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Search results for Logitech quickcam on 2.6.x kernel

Gentoo

Logitech quickcam on 2.6.x kernel

Post date: April 25, 2005, 23:04 Category: Hardware Views: 3108 Comments
Tutorial quote: This short tutorial explains how to get your Logitech Quickcam to work under 2.6.x kernel.
Ubuntu

Configuring Logitech mice in Ubuntu 6.06

Post date: September 18, 2006, 14:09 Category: Hardware Views: 6364 Comments
Tutorial quote: This is my guide on how to get all the buttons working properly on a logitech mouse, how to use lmctl to enable the higher resolutions and cruise control and how to get the side mouse buttons to make forwards and back work in Nautilus, Epiphany, Konqueror, etc.
Ubuntu

How To Compile A Kernel - The Ubuntu Way

Post date: November 8, 2006, 18:11 Category: System Views: 4656 Comments
Tutorial quote: Each distribution has some specific tools to build a custom kernel from the sources. This article is about compiling a kernel on Ubuntu systems. It describes how to build a custom kernel using the latest unmodified kernel sources from www.kernel.org (vanilla kernel) so that you are independent from the kernels supplied by your distribution. It also shows how to patch the kernel sources if you need features that are not in there.
Fedora+Core

How To Compile A Kernel - The Fedora Way

Post date: November 14, 2006, 20:11 Category: System Views: 4485 Comments
Tutorial quote: Each distribution has some specific tools to build a custom kernel from the sources. This article is about compiling a kernel on Fedora systems. It describes how to build a custom kernel using the latest unmodified kernel sources from www.kernel.org (vanilla kernel) so that you are independent from the kernels supplied by your distribution. It also shows how to patch the kernel sources if you need features that are not in there.
SuSe

How To Compile A Kernel - The SuSE Way

Post date: December 3, 2006, 21:12 Category: System Views: 8438 Comments
Tutorial quote: Each distribution has some specific tools to build a custom kernel from the sources. This article is about compiling a kernel on SuSE systems. It describes how to build a custom kernel using the latest unmodified kernel sources from www.kernel.org (vanilla kernel) so that you are independent from the kernels supplied by your distribution. It also shows how to patch the kernel sources if you need features that are not in there.
Debian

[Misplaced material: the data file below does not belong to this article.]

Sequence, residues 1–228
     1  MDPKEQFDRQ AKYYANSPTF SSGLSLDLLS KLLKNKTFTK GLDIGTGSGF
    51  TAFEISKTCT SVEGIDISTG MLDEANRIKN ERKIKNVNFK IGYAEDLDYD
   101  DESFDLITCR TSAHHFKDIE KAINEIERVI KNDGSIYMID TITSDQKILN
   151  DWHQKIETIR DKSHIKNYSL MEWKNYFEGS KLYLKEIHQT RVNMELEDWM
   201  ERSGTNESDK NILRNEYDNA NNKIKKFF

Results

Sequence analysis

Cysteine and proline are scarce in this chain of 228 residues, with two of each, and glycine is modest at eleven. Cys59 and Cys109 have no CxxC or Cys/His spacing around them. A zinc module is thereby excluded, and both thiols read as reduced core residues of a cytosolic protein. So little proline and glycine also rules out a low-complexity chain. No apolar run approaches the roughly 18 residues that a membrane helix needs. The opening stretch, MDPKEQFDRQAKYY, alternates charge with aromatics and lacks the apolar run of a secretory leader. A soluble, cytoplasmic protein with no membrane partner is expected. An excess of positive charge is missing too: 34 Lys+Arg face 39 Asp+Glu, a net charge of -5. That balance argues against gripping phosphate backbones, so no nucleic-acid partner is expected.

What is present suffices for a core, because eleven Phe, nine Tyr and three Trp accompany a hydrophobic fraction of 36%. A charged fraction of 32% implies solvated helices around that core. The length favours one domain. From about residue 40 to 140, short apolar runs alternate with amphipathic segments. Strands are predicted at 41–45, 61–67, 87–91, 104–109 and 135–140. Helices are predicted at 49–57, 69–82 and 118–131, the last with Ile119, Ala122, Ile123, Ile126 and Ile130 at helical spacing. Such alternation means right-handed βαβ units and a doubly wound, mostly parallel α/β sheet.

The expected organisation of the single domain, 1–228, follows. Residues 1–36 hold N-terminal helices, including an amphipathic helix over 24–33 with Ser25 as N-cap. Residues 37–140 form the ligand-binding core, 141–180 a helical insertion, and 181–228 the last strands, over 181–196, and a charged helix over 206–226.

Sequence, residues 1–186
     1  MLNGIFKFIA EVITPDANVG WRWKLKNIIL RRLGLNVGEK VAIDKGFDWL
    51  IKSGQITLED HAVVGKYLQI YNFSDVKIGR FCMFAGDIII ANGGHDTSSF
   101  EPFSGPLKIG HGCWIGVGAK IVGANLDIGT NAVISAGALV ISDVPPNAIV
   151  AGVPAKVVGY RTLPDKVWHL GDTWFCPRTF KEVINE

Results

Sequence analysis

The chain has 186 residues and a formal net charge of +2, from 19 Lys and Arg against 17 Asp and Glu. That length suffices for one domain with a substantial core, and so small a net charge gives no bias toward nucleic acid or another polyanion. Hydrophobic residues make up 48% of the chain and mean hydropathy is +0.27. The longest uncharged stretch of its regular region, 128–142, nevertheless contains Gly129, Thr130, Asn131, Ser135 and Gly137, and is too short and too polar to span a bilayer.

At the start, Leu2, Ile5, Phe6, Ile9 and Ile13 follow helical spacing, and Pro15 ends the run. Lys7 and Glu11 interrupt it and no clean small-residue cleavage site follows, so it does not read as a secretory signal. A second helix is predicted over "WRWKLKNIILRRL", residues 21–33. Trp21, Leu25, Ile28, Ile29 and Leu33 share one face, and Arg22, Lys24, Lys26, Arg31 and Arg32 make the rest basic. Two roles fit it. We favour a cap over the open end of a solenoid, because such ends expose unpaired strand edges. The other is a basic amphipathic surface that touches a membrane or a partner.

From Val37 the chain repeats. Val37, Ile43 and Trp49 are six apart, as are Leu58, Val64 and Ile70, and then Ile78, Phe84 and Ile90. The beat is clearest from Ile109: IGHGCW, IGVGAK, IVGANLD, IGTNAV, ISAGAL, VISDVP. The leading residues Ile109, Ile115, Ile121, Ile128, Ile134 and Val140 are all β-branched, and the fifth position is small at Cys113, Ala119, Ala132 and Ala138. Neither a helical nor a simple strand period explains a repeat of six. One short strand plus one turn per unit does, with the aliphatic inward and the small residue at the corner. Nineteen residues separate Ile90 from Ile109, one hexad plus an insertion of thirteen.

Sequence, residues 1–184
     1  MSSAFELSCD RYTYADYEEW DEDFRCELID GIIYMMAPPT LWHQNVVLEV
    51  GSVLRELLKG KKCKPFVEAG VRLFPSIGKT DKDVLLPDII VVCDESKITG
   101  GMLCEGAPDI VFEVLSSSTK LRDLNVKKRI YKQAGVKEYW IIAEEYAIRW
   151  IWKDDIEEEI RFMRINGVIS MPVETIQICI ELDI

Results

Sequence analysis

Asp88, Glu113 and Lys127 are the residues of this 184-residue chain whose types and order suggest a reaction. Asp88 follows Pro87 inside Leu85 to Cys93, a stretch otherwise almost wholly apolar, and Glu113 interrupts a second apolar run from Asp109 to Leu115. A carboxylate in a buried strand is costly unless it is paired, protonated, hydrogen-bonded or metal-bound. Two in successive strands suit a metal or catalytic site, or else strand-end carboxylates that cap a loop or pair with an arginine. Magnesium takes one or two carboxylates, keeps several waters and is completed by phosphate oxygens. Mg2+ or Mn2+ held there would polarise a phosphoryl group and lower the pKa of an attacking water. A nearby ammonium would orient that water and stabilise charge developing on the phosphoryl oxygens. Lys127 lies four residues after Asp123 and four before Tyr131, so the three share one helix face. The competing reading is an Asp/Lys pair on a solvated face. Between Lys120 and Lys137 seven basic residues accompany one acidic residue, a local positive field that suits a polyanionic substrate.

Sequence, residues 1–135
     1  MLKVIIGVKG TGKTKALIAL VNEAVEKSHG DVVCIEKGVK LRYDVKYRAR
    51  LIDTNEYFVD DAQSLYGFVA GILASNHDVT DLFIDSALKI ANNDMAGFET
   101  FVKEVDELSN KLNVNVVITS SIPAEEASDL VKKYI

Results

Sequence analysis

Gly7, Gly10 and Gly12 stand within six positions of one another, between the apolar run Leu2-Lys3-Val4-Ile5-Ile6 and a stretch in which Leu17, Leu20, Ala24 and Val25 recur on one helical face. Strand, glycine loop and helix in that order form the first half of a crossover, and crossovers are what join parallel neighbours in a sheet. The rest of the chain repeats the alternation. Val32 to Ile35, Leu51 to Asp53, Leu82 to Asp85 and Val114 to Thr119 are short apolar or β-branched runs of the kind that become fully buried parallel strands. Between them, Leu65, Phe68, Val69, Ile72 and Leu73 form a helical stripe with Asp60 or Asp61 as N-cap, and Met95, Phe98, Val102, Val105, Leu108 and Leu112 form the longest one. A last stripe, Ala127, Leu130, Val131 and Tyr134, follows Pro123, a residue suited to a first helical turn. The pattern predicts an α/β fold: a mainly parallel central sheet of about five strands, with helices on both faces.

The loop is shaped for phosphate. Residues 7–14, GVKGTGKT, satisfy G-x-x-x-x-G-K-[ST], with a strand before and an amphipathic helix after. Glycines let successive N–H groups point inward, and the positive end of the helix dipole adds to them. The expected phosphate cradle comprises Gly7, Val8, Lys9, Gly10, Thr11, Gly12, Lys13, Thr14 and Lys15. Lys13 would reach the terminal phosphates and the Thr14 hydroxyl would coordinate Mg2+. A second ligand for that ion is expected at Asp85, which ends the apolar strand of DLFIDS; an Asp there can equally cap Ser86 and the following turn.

How To Compile A Kernel - Debian Etch

Post date: June 13, 2007, 01:06 Category: System Views: 3941 Comments
Tutorial quote: Each distribution has some specific tools to build a custom kernel from the sources. This article is about compiling a kernel on a Debian Etch system. It describes how to build a custom kernel using the latest unmodified kernel sources from www.kernel.org (vanilla kernel) so that you are independent from the kernels supplied by your distribution. It also shows how to patch the kernel sources if you need features that are not in there.
Debian

How To Compile A Kernel - The Debian (Sarge) Way

Post date: December 21, 2006, 22:12 Category: System Views: 3218 Comments
Tutorial quote: Each distribution has some specific tools to build a custom kernel from the sources. This article is about compiling a kernel on Debian Sarge systems. It describes how to build a custom kernel using the latest unmodified kernel sources from www.kernel.org (vanilla kernel) so that you are independent from the kernels supplied by your distribution. It also shows how to patch the kernel sources if you need features that are not in there.
Debian

Debian Kernel Compile Howto (Kernel 2.6)

Post date: April 12, 2005, 18:04 Category: System Views: 3417 Comments
Tutorial quote: In some cases you might want to compile your own kernel that suits your needs better than the standard kernel that comes with your distribution. I will describe how to do this on a Debian machine. Please note that this tutorial is for kernel 2.6 only!
OpenBSD

Rebuilding the OpenBSD kernel

Post date: April 24, 2005, 20:04 Category: System Views: 4063 Comments
Tutorial quote: Users who want their OpenBSD machine to perform specific functions or need additional device drivers might want to customize their kernel. In other OS's, like some types of Linux, it is very popular to rebuild the kernel because the default is so bloated. For most users, the default OpenBSD kernel is sufficient; however, you should still apply kernel patches, which will require rebuilding and installing a fresh kernel.
OpenSUSE

Write your own kernel module and insert it into running kernel

Post date: January 12, 2009, 08:01 Category: Programming Views: 4458 Comments
Tutorial quote: So, you want to write a kernel module. You know C, you've written a few normal programs to run as processes, and now you want to get to where the real action is, to where a single wild pointer can wipe out your file system and a core dump means a reboot.

kernel Modules are pieces of code that can be loaded and unloaded into the kernel upon demand. They extend the functionality of the kernel without the need to reboot the system. For example, one type of module is the device driver, which allows the kernel to access hardware connected to the system.
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